Holding a Hand With Fleetwood Mac

I had so wanted to go with him to the concert. Like a date and all. Ridiculous, I know. It was music we’d shared in an earlier time which had a nostalgic, sweet quality to it. But, I had bought the tickets ages ago and it was too complicated to manoeuvre the various relationship landscapes. I dropped the fantasy and just looked forward to the music. For goodness sake, Christine McVie, was back with the band – what? what? As it turned out, travel schedules had me scrambling for a companion for the evening. Hoping against hope, I dashed off a note asking if he was free and interested. The stars aligned and so it was, that we went to this concert together. (Didn’t see that coming, eh?)

Just the idea of being there together made me so happy. We slowly climbed the stairs to the venue surrounded by jokes about medical marijuana, paramedics and oxygen tanks from the polite, not-young-but-not-old crowd. We were definitely on the young side. In my head, I pretended that the circumstances were different. I laid my cheek against his back very lightly. He looked over his shoulder and said “You don’t know how good that feels. You don’t know”. I think at that moment I was 17 again. A lightning shot of thrill zipped through my body had me smiling stupidly and feeling light-headed. It was incomparable.

Once in the stadium, the songs from the “Rumours” album transported us.  The first few songs in the concert flooded my entire body and flushed out emotions from the time I first heard them. I could almost hear the sound of the needle touching down on vinyl before the music poured out. I was starry-eyed and  awestruck to be experiencing that sound live. It did not disappoint. After a bit, I relaxed into my seat and let the music wash over us. I could hear him singing with the band. Impulsively, I held out my hand and he took it though we never made eye-contact. It was oddly cozy right there in the middle of thousands of people.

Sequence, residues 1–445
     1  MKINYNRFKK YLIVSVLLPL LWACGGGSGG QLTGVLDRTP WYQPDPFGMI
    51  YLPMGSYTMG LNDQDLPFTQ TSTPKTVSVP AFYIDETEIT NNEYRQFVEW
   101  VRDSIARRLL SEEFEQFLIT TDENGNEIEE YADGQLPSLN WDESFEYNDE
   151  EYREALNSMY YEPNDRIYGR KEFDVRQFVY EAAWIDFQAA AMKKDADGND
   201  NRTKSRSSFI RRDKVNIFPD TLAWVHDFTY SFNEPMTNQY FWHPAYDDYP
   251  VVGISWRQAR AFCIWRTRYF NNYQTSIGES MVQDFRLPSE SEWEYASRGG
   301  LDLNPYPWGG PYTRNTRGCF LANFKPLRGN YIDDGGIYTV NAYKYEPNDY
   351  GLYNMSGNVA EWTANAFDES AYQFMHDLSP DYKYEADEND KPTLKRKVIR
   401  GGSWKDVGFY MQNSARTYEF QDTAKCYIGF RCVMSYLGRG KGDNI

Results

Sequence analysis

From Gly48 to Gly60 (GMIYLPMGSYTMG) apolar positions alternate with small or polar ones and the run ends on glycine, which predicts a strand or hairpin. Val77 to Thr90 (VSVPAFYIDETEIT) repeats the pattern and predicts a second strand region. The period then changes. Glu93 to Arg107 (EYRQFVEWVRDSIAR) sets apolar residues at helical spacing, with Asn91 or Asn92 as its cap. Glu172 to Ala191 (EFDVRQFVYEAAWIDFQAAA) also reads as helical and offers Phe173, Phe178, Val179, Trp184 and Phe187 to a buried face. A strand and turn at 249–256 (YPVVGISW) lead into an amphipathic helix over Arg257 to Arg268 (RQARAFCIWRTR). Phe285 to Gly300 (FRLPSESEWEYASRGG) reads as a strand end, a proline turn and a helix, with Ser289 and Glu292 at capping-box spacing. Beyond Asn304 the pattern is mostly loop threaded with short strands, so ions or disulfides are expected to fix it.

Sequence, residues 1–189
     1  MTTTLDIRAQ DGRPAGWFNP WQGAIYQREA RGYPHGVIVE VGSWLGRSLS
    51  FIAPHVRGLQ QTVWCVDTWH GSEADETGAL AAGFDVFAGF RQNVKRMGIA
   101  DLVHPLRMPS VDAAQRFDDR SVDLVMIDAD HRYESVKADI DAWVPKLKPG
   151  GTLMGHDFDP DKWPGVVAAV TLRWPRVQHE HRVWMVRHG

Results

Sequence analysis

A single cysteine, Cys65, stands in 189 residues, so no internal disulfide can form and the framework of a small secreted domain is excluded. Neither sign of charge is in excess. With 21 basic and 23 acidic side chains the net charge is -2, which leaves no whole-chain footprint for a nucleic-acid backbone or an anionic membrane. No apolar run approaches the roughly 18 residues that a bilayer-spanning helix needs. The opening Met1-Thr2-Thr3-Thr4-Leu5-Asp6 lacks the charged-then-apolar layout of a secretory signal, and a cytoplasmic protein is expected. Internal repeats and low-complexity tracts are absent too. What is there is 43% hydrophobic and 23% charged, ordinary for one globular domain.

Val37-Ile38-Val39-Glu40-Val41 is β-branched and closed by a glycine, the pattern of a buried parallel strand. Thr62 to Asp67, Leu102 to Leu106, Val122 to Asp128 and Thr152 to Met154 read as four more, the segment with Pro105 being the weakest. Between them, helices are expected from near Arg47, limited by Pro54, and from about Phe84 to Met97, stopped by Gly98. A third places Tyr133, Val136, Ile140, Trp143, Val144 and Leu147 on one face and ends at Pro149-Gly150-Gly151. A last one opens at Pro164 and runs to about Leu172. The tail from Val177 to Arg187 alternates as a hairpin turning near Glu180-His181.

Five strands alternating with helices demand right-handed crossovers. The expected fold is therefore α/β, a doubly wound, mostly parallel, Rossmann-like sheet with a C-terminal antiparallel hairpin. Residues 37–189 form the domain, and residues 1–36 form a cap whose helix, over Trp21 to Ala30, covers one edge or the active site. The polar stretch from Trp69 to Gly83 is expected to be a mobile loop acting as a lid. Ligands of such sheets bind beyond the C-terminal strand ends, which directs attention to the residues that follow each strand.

He must have been uncomfortable about the PDA because he never made the first move to touch me. I thought about this and concluded,that in this decidedly anonymous venue, I was going to give in to my impulse. In such a vibrant acoustic setting, why not grab the chance? So, a few times during the evening, I held out my hand and he always took it. But it was clear that usually I was holding his hand though occasionally his fingers caressed mine. I did not care – it made me happy. I did not care if he thought I was needy for wanting the contact. I did not care if he thought it was rash to put my head on his shoulder for a minute or two. I did not care if he though I wanted him to touch me. I did.

We left the concert agreeing that after a while you stopped looking at the band performing in front of you and just enjoyed the sensation of the performance.  Our commonplace conversation was infused with awareness tinged with the usual undertones of regret.  It was a lovely evening and I hope we’ll be able to repeat it. With or without  Fleetwood Mac.

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